Director: Ben Elton
Screenwriter: Ben Elton
Runtime: 102 mins.
Australian Release Date: 2 November 2017
Previewed at: Event Cinemas, Bondi Junction, Sydney, on 22 October 2017.
There’s a line in Ben Elton’s Aussie rom-com Three Summers that describes the fictitious West Australian folk music knees-up ‘Westival’ as “Australia in a tent” and it could just as easily be applied to the film itself - there are very few issues under current debate in this country that aren’t canvassed in this movie. Multiculturalism, the plight of refugees, Indigenous dispossession, racism, alcoholism, online dating and sexism are all given their moment in the WA sun, creating a kaleidoscopic image of life in contemporary Australia. Naturally though, coming from the pen of the co-writer of the great TV series The Young Ones and Blackadder, numerous best-selling novels and two musicals, there’s a lot of laughter and music in Elton’s script as well.
The mixed bag of stories comprising the film are set over three ‘Westivals,’ so we get to see how many of them and their protagonists evolve over time. Foremost among them is the on-again, off-again romance between an Irish Theremin player, Roland (Robert Sheehan), a nerdy musical purist, and an Australian fiddle player, Keevey (Rebecca Breeds), who plays in a popular pub band specialising in Irish folk music, the WArrikins. Roland thinks their music is crap but when he and Keevey jam, sparks fly… literally. Throw in a troupe of Morris dancers led by a racist (Michael Caton), an Indigenous dance group under the wing of Kelton Pell’s Jack, droll community radio announcer Queenie (Magda Szubanski), Keevey’s alcoholic dad Eamon (the multi-talented John Waters), a stuck-up music conservatorium head (Jacqueline McKenzie) and a control-freak security guard (Kate Box) and you’ve got just some of the elements contributing to this feel-good film. Maybe it takes a transplanted Englishman to bring such a keen eye to the minutiae of Australian society.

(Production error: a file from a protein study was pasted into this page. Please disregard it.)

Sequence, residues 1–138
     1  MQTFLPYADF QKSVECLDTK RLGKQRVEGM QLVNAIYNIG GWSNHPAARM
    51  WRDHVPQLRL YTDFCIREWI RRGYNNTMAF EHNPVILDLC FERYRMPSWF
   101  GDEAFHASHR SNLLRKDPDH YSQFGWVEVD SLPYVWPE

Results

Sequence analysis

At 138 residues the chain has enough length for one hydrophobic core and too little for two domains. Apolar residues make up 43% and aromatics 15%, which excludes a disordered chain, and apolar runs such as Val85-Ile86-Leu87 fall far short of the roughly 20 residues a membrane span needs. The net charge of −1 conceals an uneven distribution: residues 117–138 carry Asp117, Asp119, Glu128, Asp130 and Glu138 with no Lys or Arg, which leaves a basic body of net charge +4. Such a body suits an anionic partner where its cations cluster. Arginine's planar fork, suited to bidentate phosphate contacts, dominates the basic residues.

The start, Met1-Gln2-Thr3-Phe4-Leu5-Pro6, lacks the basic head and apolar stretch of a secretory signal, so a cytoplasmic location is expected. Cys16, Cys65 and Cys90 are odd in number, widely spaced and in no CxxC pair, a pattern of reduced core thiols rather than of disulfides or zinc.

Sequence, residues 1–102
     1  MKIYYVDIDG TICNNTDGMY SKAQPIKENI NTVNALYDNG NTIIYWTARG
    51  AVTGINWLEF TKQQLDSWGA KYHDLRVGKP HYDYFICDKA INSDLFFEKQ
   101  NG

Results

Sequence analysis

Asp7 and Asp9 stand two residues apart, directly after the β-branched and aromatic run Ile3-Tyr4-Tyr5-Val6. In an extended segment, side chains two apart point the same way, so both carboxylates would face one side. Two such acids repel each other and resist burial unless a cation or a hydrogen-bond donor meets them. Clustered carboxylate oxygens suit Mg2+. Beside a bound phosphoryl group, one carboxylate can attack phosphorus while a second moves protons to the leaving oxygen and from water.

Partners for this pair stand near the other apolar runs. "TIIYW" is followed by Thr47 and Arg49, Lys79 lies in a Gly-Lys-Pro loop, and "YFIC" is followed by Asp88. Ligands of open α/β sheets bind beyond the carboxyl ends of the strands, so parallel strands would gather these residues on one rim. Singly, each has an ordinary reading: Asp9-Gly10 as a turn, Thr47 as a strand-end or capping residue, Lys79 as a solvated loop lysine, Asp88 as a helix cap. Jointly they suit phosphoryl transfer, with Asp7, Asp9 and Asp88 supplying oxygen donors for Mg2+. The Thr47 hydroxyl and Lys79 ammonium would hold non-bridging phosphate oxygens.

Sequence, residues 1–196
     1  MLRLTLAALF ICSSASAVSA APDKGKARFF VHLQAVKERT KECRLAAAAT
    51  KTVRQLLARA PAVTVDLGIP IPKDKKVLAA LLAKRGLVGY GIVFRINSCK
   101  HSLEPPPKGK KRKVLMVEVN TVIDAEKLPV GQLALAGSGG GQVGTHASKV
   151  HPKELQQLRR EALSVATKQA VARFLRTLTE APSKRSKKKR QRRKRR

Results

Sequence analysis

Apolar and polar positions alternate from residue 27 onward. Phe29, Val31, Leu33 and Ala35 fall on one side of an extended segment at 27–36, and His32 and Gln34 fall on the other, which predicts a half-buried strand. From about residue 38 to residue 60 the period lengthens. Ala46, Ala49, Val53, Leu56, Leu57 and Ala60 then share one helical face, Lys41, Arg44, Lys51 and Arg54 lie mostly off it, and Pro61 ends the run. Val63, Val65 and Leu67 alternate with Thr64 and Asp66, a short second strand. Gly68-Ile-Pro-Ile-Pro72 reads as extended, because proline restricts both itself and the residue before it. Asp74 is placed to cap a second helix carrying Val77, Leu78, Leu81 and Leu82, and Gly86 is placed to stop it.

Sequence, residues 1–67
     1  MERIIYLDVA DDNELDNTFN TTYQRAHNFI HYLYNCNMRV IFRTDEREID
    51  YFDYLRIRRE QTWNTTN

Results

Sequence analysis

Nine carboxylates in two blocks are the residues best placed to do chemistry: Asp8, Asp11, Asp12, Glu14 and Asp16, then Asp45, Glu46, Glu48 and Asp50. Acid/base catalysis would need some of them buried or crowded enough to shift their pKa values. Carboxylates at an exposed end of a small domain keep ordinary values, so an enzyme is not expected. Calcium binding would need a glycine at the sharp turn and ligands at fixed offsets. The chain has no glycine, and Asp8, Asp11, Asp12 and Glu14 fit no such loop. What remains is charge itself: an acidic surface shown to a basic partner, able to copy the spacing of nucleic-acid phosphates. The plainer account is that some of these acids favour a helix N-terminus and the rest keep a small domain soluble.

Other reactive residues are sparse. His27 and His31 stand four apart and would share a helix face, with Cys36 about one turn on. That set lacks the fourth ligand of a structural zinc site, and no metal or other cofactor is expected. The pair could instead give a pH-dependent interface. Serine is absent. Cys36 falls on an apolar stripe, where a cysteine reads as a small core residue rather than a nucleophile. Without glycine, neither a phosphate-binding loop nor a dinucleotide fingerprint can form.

Elton, a resident of Fremantle, WA, since he married the Australian musician Sophie Gare in 1994, says, “The idea for Three Summers came about during one of my family trips to the Fairbridge Folk Festival in WA. I was sitting in the bar tent doing some people watching, there’s such a rich tapestry of humanity at these sorts of family music events and so much comedy. People from different walks of life suddenly living in a field together with only sheets of canvas and polyester between them. Everybody’s equal in the queue for the portaloos!” It was a good idea and it enabled the writer/director to assemble the terrific ensemble cast of such well-known actors as those already mentioned, plus a host of other familiar faces. In addition, it allowed him to incorporate documentary footage into the drama, and his Cinematographer Katie Millwright shot at the actual festival for three days before filming the drama some months later. “To stage something of that scale would have been impossible with our tight budget and, even if we’d had the resources, it wouldn’t have looked half as good,” said the director.
Three Summers may not be the deepest film of the year but it’s certainly the one with the most home-grown music in it; the all-Aussie soundtrack includes tracks by Little Birdy, Dan Sultan, the John Butler Trio, Xavier Rudd, Gotye, Sarah Blasko , Dr. G. Yunupingu and more, so musically at the very least, you’re bound to “Have a folking good time,” as the ‘Westival’ slogan says.